Review: Architects – Holy Hell

“Into the night we burn and rage / In depth we repay for time on this stage / The lights are bright, but don’t lose your way / ‘Cause once it ignites, the flame must decay”

It’s nearly impossible to approach Holy Hell objectively. The eight full-length studio album from British metalcore giants Architects lives entirely in the aftermath of guitarist and lead songwriter Tom Searle’s passing in 2016 after a three-year battle with skin cancer. As such, it’s a deeply emotional and personal document. Even so, its excellence in craft cannot be denied.

You can buy or stream Holy Hell on Apple Music.

From a broad perspective, Holy Hell is an unsurprising crash course in the complexity and devastation of grief. At times, it reads like a letter from Searle’s brother, and Architects’ drummer, Dan. At others, it dwells in the depths of sorrow, desperately searching for a path forward. On a molecular level, it almost inexplicably manages to build and evolve on a sound the band had presumably perfected in recent years.

All Our Gods Have Abandoned Us solidified Architects as titans of metalcore, as if more proof was needed. Unbeknownst to listeners upon its release, that album allowed the late Searle to explore his fate in painful detail. “Death is Not Defeat”, the opening track of Holy Hell finds Dan responding to his brother’s final lyrics, acknowledging the pain of a finite existence, while gripping tightly to hope: “Now you’re finally complete / I will see you where oceans meet”.

We could spend the remainder of this review exploring the beauty of Dan Searle’s lyrics and uncanny ability to capture the journey of grief  – and there are no shortage of moments to share. But it’s all brought to life through a band stretching itself and allowing their collective pain to forge a path forward.

New guitarist Josh Middleton makes his presence felt throughout, whether it be found in surprisingly melodic riffs during the opening moments of the album’s title track or in the band’s signature mathematic breakdowns on singles “Hereafter” and “Modern Misery”. Throughout Holy Hell, the band sprinkle in elements, such as dark synthesizers and stringed instruments that blend gently into the mix, adding emotion without sounding out of place. These additions take tracks like album closer “A Wasted Hymn” to a deeper place than the band has ever been able to explore.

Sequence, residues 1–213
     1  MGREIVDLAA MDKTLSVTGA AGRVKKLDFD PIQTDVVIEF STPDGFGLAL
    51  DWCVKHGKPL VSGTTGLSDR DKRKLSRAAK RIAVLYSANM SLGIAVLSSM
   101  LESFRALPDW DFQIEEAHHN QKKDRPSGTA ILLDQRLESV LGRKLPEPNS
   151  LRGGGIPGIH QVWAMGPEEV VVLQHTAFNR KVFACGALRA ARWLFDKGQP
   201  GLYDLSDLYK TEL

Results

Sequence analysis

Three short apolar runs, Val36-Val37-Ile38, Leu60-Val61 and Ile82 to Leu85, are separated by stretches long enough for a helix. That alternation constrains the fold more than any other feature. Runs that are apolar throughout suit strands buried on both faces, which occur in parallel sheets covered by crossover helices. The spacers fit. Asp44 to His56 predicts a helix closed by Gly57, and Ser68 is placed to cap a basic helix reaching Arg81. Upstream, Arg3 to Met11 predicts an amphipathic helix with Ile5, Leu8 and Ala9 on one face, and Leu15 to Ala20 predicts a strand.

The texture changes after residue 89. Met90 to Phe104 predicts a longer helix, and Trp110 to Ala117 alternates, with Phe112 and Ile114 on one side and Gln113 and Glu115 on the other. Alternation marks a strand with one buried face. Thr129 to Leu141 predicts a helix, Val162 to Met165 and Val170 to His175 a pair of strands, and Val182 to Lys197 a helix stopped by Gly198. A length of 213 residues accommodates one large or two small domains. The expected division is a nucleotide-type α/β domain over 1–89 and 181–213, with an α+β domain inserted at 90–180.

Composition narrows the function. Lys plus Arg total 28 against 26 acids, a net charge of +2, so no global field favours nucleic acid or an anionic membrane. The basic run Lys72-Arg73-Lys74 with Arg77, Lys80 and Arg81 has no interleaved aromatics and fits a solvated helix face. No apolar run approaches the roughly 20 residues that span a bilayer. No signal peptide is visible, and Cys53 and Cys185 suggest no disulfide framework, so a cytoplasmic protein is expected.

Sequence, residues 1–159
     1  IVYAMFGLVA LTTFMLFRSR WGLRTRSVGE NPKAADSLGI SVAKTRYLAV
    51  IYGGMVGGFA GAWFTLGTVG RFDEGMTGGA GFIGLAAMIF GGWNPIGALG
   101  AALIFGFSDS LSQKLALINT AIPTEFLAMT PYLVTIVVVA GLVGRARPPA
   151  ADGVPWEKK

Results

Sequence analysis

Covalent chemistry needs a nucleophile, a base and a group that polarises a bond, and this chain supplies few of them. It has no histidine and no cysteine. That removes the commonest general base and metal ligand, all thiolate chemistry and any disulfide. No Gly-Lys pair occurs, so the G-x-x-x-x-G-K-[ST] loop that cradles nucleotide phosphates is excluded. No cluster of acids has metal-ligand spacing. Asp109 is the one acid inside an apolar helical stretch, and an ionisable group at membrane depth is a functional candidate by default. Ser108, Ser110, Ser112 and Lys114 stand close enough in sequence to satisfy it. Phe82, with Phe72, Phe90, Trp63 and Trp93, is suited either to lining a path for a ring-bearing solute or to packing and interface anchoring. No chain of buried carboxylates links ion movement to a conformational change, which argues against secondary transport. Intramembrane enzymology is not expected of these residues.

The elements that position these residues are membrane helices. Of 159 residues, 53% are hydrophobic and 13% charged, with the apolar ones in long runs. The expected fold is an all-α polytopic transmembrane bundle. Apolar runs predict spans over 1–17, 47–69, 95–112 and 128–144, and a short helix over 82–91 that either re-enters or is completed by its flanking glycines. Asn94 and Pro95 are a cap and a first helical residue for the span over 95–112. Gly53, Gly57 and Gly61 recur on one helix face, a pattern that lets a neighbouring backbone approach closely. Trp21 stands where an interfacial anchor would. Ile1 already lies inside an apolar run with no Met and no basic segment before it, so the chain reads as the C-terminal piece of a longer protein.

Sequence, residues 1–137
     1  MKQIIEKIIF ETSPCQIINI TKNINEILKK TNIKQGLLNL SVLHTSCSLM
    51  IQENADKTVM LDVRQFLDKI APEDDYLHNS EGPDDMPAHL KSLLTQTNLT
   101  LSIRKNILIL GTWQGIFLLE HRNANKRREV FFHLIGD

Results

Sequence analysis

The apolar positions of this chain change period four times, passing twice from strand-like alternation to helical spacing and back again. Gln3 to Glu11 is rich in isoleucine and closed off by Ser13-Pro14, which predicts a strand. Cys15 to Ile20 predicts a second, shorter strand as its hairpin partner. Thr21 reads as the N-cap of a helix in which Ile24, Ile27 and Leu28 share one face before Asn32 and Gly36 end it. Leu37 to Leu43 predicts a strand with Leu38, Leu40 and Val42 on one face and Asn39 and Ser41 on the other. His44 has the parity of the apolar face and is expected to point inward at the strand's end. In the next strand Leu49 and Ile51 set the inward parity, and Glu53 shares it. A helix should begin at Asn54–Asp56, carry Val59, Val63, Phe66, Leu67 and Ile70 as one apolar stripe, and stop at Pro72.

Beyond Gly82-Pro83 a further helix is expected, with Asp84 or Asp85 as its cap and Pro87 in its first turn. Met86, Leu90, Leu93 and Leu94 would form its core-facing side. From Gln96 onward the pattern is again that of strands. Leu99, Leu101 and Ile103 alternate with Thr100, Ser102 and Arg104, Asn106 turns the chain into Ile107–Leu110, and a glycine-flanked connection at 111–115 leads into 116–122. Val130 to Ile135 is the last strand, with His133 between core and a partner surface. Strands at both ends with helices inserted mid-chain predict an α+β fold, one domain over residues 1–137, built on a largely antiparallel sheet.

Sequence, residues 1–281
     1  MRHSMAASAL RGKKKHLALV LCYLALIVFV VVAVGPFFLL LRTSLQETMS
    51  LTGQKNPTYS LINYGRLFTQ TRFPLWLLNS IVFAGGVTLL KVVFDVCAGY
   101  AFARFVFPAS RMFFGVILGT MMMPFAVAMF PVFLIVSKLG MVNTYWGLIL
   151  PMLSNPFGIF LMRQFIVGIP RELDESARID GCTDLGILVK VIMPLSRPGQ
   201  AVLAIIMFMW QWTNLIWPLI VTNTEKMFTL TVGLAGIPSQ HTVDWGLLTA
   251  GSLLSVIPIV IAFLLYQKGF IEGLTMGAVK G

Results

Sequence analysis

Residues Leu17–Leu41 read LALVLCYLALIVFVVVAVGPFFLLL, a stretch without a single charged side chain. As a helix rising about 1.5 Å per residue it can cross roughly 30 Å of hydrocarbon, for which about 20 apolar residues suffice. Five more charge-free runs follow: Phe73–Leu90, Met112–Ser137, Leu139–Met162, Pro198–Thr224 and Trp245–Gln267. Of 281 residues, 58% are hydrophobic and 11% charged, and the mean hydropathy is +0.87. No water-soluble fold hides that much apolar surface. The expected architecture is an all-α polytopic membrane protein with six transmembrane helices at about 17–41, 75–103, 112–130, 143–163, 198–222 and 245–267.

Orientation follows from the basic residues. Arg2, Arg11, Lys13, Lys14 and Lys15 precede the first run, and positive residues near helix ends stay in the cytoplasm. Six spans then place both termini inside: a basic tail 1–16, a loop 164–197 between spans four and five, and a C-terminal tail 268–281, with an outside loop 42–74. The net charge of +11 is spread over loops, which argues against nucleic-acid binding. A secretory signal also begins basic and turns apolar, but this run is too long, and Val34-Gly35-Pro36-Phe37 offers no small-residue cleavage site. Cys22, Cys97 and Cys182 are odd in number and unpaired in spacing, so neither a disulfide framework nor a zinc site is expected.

Atop it all, Sam Carter, long considered one of the genre’s best vocalists, delivers his finest performance. Here, Carter finds new ways to splinter, be it delicately, as on “Royal Beggars” or in outright fury as on “The Seventh Circle”. On the former, Carter fights through sorrow while singing, “Royal beggars / Do you wanna / Live forever / Alone?” On “Seventh Circle”, Carter shreds his vocal chords non-stop for 1:30 as he helplessly bellows, “I feel the blood drip from my face / Maybe it’s better to never have been”. One can only imagine the scene in the studio while putting such a performance to tape.

Carter’s ability to evolve as a vocalist, transcending the traditional role of metalcore frontman, is made even more extraordinary when considering the circumstances. On back-to-back albums, he has been tasked with delivering a surreptitious farewell and then the mournful response of the bereaved. It must be the kind of responsibility that allows one to tap into parts of themselves they never knew existed. It has resulted in the kind of work that defines a career.

In the face of such loss, it would have been understandable had the remaining members of Architects chosen to walk away. That they chose to carry on is laudable. That they were able to take their collective grief and infuse it into something so life affirming, beautiful and real is inspiring. The band’s excellence is no longer debatable. Architects stand among the elite in modern metalcore.

5/5

by Kiel Hauck

kiel_hauckKiel Hauck is the editor in chief at It’s All Dead. Over the past decade, he has been a contributor for multiple online and print publications and was most recently an editor at PopMatters. Kiel currently resides in Indianapolis, IN with his wife and their imaginary pet, Hand Dog. You can follow him on Twitter.

Advertisements

Leave a Reply

Fill in your details below or click an icon to log in:

WordPress.com Logo

You are commenting using your WordPress.com account. Log Out /  Change )

Google+ photo

You are commenting using your Google+ account. Log Out /  Change )

Twitter picture

You are commenting using your Twitter account. Log Out /  Change )

Facebook photo

You are commenting using your Facebook account. Log Out /  Change )

Connecting to %s

%d bloggers like this: